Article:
The long-awaited return of the British Open got under way under blue skies at Royal St George’s on Thursday as former champion Louis Oosthuizen shot to the top of the leaderboard on six under par.
England’s Richard Bland fired the first shot of the 149th Open Championship, which was delayed a year by the cancellation of the 2020 edition due to the coronavirus pandemic.
Up to 32,000 fans will take to the course in Sandwich, Kent, as Covid-19 restrictions ease in England despite a spike in positive cases.
Oosthuizen has been frustrated so far this year in his attempt to add to his only major triumph after cruising to victory in the 2010 British Open at St Andrews.
The South African finished second in this year’s last two majors, the US PGA Championship and US Open, and is now in contention again.
After starting with seven straight pars, Oosthuizen accelerated around the turn with seven birdies in 10 holes.
Jordan Spieth, who lifted the Claret Jug at Royal Birkdale in 2017, is one shot back after setting the clubhouse lead with a 65.
The American refound his form with victory at the Texas Open in April, his first for nearly four years.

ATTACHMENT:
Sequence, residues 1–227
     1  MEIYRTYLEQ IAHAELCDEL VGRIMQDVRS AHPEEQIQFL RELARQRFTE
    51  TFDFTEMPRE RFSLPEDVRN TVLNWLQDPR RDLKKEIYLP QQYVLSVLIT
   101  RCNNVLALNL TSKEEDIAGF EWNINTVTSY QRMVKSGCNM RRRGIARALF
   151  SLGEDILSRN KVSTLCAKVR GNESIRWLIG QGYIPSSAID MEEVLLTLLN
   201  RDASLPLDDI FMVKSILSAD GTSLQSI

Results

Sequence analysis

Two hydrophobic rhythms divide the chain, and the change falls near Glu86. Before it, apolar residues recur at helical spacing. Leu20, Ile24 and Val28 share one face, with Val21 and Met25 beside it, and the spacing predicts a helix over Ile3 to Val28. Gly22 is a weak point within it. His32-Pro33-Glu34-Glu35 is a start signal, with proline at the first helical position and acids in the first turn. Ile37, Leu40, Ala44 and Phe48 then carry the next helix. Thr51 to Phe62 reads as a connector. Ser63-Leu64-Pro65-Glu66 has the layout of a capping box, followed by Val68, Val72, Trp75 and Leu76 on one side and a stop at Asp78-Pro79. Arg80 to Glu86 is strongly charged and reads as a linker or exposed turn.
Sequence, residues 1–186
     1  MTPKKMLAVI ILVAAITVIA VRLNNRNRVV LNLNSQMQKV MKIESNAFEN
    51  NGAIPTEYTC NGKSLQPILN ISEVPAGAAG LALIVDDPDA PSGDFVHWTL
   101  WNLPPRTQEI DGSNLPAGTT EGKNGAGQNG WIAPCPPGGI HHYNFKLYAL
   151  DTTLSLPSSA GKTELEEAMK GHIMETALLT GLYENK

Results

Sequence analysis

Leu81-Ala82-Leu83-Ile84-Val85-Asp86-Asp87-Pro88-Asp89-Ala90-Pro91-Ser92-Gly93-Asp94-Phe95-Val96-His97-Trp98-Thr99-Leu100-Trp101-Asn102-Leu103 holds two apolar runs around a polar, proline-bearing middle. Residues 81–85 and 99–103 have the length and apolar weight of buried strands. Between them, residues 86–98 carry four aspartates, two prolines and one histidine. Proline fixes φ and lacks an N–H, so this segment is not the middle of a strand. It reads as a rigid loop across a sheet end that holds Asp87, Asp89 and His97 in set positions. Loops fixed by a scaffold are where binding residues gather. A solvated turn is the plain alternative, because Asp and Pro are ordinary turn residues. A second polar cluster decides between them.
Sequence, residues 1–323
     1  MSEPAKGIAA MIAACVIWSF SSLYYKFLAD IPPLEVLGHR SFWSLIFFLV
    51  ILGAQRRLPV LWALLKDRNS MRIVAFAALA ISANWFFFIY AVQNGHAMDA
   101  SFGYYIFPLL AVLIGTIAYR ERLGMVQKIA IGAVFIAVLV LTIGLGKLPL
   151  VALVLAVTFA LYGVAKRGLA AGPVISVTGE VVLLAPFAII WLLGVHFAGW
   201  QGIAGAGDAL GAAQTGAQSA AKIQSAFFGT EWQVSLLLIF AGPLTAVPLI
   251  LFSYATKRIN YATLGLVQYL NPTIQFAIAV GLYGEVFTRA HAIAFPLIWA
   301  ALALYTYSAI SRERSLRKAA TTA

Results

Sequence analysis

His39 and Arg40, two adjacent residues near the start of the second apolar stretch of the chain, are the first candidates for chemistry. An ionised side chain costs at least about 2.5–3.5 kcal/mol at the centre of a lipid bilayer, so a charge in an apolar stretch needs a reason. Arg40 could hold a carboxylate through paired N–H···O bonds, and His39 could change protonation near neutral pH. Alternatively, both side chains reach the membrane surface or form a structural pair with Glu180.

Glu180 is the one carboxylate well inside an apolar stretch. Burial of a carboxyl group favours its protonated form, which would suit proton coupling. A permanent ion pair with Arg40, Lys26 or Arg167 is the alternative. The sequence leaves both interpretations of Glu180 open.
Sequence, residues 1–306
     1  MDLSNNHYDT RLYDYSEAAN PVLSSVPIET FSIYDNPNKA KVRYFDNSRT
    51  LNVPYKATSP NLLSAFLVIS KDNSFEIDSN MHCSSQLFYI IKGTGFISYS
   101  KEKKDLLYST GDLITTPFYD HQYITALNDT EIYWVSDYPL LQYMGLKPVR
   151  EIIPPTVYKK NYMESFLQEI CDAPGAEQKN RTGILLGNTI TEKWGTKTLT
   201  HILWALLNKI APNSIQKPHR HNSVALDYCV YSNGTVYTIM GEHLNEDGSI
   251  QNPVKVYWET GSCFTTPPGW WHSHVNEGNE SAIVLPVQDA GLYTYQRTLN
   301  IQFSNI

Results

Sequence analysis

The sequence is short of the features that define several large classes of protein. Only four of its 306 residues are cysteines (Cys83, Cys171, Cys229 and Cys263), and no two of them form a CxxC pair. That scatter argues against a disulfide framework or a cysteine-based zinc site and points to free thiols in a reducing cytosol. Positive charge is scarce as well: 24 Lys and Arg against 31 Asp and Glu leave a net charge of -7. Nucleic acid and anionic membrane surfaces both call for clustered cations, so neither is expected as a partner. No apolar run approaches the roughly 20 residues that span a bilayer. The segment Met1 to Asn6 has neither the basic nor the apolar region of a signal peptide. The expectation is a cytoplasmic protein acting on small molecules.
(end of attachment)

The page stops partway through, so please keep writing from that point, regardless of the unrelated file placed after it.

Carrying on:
Spieth shot up the leaderboard thanks to four consecutive birdies between the fifth and the eighth holes and finished strongly by picking up two more shots at 15 and 16.
Canada’s Mackenzie Hughes, on his British Open debut, and American Brian Harman are two shots off the lead.
Pre-tournament favourite Jon Rahm, this year’s US Open champion, was stung by a double bogey at the par four ninth to be two over through 16 holes.
Playing partner Shane Lowry, the reigning British Open champion, made a nightmare start to his title defence with bogeys on the opening two holes before the Irishman pulled a shot back to take the turn one over.
Off the course, Americans Brooks Koepka and Bryson DeChambeau’s ongoing feud has been the talk of the tour this week.
Koepka admitted he is no fan of the Royal St. George’s course, but the serial contender for major championships kept himself in the hunt with a round of 69 despite bogeying the 18th.
DeChambeau accepted before the tournament his booming drives off the tee may have to be tempered this week, with staying out of the lush rough the key to remaining in contention for the weekend.
However, he consistently found himself hacking out of what he described as “diabolical” hay in an up and down round that contained four birdies and five bogeys for a 71.
Rory McIlroy will begin his quest to end a seven-year major drought as one of the late starters.